PLIBERSEK: We haven't seen the details of what the Victorian Government has announced so I’ll wait and have a look at specifically what they are proposing. And is very important that Australia continues to have a strong economic relationship with China - one of our very most important economic partners today.
 
JOURNALIST: But if you were to win Government would Labor be signing up to the initiative?
 
PLIBERSEK: Well we need to have a strong relationship with China, and I'm not going to make foreign policy announcements today. We need to have a good and strong relationship and Labor has shown through our decades since formally recognising China that we seek that good and strong relationship. But Australian foreign policy always has to have Australian interests top of mind.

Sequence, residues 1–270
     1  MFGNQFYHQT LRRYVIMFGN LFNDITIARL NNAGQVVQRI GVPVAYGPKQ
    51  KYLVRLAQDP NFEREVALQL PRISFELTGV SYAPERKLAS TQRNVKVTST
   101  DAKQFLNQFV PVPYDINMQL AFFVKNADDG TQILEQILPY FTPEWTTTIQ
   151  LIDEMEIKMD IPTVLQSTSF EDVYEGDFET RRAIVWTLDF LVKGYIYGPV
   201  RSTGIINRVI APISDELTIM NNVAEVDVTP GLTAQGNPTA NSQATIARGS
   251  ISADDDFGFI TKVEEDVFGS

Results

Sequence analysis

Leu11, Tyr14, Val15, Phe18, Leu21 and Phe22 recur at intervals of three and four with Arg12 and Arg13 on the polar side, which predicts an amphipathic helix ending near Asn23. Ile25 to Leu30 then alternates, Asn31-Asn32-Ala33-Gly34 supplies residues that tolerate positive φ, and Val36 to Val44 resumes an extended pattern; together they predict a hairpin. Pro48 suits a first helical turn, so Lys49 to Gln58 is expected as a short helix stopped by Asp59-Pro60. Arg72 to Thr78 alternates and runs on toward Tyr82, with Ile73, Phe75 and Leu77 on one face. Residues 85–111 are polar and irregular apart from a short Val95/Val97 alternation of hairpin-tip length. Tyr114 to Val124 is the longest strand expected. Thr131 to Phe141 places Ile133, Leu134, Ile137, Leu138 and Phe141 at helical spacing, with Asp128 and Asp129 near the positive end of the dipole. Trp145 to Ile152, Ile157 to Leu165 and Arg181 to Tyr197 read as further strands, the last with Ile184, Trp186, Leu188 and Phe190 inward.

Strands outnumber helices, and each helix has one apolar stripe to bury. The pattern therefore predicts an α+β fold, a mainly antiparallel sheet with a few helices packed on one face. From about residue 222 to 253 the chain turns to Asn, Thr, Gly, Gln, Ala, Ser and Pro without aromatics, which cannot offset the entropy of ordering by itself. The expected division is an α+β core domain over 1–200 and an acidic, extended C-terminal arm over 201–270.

JOURNALIST: Do you think it’s important to be on the same page as (inaudible) on important foreign issues like that with the state Labor counterparts?
 
PLIBERSEK: As a nation the federal government makes foreign policy and I am sure that all of the states recognise as we do at a federal level, that having a good, strong economic relationship with China our very substantial important trading partner is good for the nation.
 
JOURNALIST: Alan Joyce says re-introducing industry-wide bargaining will cripple and threaten jobs and national prosperity? (inaudible), so it your (inaudible)